Chen et al. (2022) focused on the differences seen in framing and targeting trends in mainstream media (MSM) and social media posts regarding climate change issues. Through analysis of over 30,000 Twitter posts and news articles published between 2018 to 2021, the research examined how dominant themes and targets found in climate discussions across both media evolved over time and related to one another. In their analysis, Chen et al. found similarities as well as noticeable differences in how both media framed issues concerning climate change, as well as which actors were targeted in the discussion on climate change action.  

The analysis revealed several dominant themes in online discussions and noted that the prevalence of each theme varied over time based on the occurrence of climate events. The main foci across MSM and Twitter showed noticeable differences—with MSM typically centred on discussion and actions at the institutional level and Twitter posts generally concerned with collective actions. Chen et al. found a similar divide in target audiences, with MSM focused on high-level political officials and institutions whereas Twitter posts more often were aimed at youth climate actors. These findings highlight significant differences in how information about a scientific topic is presented in various media and the impact the media can have on how scientific information is disseminated across groups. 


Recent research has consistently found that media are central to how scientific information is conveyed, interpreted, and used to inform key policy decisions. With research casting light on how framing of scientific evidence varies across traditional news media and emerging social media, there is increasing awareness of the importance of media format in shaping debates and decisions around major issues. As many people now use social media as their main source of scientific information, concern is growing that science communication practices have been slow to adapt to the new technologies and behaviours of online media. This situation poses a significant risk to the effectiveness of scientific evidence in informing policy discussions. Improper or biased presentation of scientific information has caused long-lasting damage on public trust, not only in the scientific community, but in the policy decisions of institutions that use scientific knowledge (Condie et al., 2022). With media playing such a key role in scientific communication and decision making, it is equally vital that the scientific community adapt its communication strategies alongside the evolution of media, to ensure research communication remains informative, impartial, and trustworthy in continuing to support effective, evidence-based policy.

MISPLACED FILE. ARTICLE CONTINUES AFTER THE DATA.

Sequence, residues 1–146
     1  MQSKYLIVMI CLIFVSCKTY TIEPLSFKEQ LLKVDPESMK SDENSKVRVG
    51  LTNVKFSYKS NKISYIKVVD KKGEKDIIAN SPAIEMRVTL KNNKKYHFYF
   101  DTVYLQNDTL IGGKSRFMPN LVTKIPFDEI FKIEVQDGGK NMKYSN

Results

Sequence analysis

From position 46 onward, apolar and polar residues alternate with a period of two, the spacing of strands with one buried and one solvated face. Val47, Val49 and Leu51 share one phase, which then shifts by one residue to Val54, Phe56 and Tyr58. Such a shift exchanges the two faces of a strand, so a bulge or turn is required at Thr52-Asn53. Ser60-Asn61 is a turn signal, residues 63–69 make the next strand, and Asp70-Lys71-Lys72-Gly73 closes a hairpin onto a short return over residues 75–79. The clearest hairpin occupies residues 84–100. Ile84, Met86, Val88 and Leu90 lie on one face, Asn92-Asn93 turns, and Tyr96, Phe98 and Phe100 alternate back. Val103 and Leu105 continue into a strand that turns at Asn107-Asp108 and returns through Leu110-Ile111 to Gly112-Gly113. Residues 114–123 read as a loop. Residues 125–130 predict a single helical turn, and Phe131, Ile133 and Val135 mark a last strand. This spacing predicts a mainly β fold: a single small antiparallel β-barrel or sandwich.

Beall, J. M., Pharr, L. D., von Furstenberg, R., Barber, A., Casola, W. R., Vaughn, A., Peterson, M. N., & Larson, L. R. (2022). The influence of YouTube videos on human tolerance of sharks. Animal Conservation, 26(2), 154-164.  

Brossard, D., & Scheufele, D. (2022, February 11). The chronic growing pains of communicating science online. Science, 375(6581), 613-614.    

Chen, K., Molder, A. L., Duan, Z., Boulianne, S., Eckart, C., Mallari, P., & Yang, D. (2022). How climate movement actors and news media frame climate change and strike: Evidence from analyzing Twitter and news media discourse from 2018 to 2021. The International Journal of Press/Politics, 28(2), 384-413.  

Condie, C. M., Vince, J., & Alexander, K. A. (2022). The long-term evolution of news media in defining socio-ecological conflict: A case study of expanding aquaculture. Marine Policy, 138, 104988.   

Cressey, D. (2017, November 9). The bitter battle over the world’s most popular insecticides. Nature, 551(7679), 156-158.  

Lester, L., & Foxwell-Norton, K. (2020). Citizens and science: Media, communication, and conservation. In W. J. Sutherland, P. N. M. Brotherton, Z. G. Davies, N. Ockendon, N. Pettorelli, & J. A. Vickery (Eds.), Conservation research, policy, and practice (pp. 265–276). Cambridge: Cambridge University Press. 

Slater, M. H., Scholfield, E. R., & Moore, J. C. (2021). Reporting on science as an ongoing process (or not). Frontiers in Communication, 5.   


Authors: Mercy Chikezie, Mishell Itkind, & Michael McEachern  

This blog post is part of a series of posts authored by students in the graduate course “Information in Public Policy and Decision Making” offered at Dalhousie University.